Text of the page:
Pythonista has a generous set of pre-installed libraries like
SymPy. It also has a number of modules developed exclusively for working with iOS such as access to the contacts database or Bluetooth peripherals. You can install other Python packages as long as those are “pure Python” – doesn’t install any native libraries or dependent on external interpreters or utilities.
However as an IDE, Pythonista lack support for projects. There is no support for a coherent set of scripts treated as a unit and would be built as a single application. Similarly there is no per-project
requirements.txt nor any virtual environment mechanism so that different projects may have their own respective dependencies. All installed packages are global with respect to the Pythonista installation.
Pythonista scripts also inherits all limitations normally imposed to all iOS applications. Which includes no subprocesses (which limits the way you can do multiprocessing), sandboxed access to files, and no paging file (which severely limits the amount of memory you can use).
Deployment to App Store is done through an Xcode App Template provided by Pythonista’s author. In short, you export your Python scripts and embed it inside an Xcode project. Then you use Xcode to build that project into an app and upload it to the App store.
Pythonista is available for iPad, iPhone, and iPod touch. Yes, you can write and run Python scripts on a phone.
When you have a gameplay in mind, consider Codea as your prototyping tool. Better yet, it can probably take you from prototype to production – as in the App Store.
Codea is designed to make graphical games. The app uses Lua as its core language packed with a lot of libraries, tools, even stock sprites and sound effects to get you up to speed quickly. There are built-in libraries for sprite animation, physics, 3D voxels, and much more.
However Codea may take a bit of adjustment if you’re not used to programming games. It borrows an animation-centric paradigm from Processing where your code is called once per screen update.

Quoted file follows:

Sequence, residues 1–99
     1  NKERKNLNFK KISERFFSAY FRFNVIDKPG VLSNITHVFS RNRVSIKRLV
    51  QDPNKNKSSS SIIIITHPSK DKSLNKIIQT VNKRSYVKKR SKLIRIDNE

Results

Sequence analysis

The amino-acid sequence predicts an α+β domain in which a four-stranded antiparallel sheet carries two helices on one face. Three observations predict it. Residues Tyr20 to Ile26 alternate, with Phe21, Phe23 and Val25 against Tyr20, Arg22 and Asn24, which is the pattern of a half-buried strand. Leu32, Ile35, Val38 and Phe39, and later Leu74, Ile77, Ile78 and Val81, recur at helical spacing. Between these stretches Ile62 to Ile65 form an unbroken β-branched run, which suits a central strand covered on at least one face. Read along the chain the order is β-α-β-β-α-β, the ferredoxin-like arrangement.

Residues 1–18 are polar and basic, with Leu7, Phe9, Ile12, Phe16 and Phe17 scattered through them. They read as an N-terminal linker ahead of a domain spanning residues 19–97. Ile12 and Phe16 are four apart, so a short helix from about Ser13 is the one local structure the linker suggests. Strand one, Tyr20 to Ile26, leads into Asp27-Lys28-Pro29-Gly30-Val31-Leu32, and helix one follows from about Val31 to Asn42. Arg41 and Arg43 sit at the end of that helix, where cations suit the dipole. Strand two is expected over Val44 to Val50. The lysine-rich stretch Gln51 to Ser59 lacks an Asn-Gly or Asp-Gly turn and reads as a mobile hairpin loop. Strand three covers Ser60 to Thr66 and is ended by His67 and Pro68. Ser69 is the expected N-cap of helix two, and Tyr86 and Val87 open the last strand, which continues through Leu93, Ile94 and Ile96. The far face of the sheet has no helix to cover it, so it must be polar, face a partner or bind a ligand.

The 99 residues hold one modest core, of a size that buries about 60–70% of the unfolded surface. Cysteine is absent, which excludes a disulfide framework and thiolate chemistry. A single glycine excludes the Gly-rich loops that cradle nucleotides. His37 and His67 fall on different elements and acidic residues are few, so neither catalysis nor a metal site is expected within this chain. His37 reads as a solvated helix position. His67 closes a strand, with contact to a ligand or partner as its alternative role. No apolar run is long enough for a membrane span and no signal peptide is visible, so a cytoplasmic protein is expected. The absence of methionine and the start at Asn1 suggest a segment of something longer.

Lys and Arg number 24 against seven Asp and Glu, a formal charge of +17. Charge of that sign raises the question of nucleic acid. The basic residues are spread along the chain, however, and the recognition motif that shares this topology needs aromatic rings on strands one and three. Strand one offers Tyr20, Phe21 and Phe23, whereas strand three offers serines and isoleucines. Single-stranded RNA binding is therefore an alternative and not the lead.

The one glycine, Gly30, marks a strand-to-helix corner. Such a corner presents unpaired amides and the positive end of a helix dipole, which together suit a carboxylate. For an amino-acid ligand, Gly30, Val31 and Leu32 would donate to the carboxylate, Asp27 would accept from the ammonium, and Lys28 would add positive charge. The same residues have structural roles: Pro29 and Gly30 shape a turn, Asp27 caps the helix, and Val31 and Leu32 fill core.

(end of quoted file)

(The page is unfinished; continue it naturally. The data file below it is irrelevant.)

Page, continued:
A Codea game centers around two top-level functions
setup– Called only once at program start to initialize variables.
draw– Called on every frame to re-fresh the display.
That’s just about it. You would need to ensure whatever processing you do including your drawing code completes within 16 milliseconds. Otherwise your game would stutter.
When it comes to deployment time, Codea provides an official Xcode template project containing the runtime library and built-in assets. The idea is to copy your Codea project into a copy of this Xcode project. Then use Xcode to build the app and upload to the App Store.
As you can see different apps have their own uses, strengths, and weaknesses. You would need to have a good idea what are you trying to achieve and how much learning challenge are you willing to take before you choose which tools to use.
When you have a specific workflow that you do repetitively and could use automation, try Shortcuts.
Similarly if this workflow includes an OmniGroup application, see if their automation feature can help you.
However if you need to manage lists of things that are frequently updated, have a look at Tap Forms.
Especially if you are currently using a spreadsheet to manage these and the amount of data there is starting to become large and difficult to maintain. Tap Forms has a CSV import and export feature, so you can migrate textual tables relatively easy.
If you want to learn programming or curious how iOS apps are put together, consider going with Swift Playgrounds. It has tutorials for you to begin learning programming yet you can use it to develop simple iOS utilities.
But if you want to introduce programming to very young children (around ages 4–8), you should use ScratchJr to introduce these concepts. Nevertheless, motivated nine year olds nowadays could probably go right through Swift Playgrounds. Too young? There are nine year old iOS developers and 10 year old WWDC attendees nowadays. I started at age 12 myself, but it seems intelligence inflation is happening, allowing programming skills to be picked up by even younger children.
If you already know Python, go ahead with Pythonista. It provides libraries to make both games and regular GUI applications, in addition to standard command-line style apps.
But if you’re itching to make your first game (and haven’t invested deeply into Swift or Objective-C – iOS’ default programming languages), have a look at Codea. It has pretty much everything you need to create a game and then some.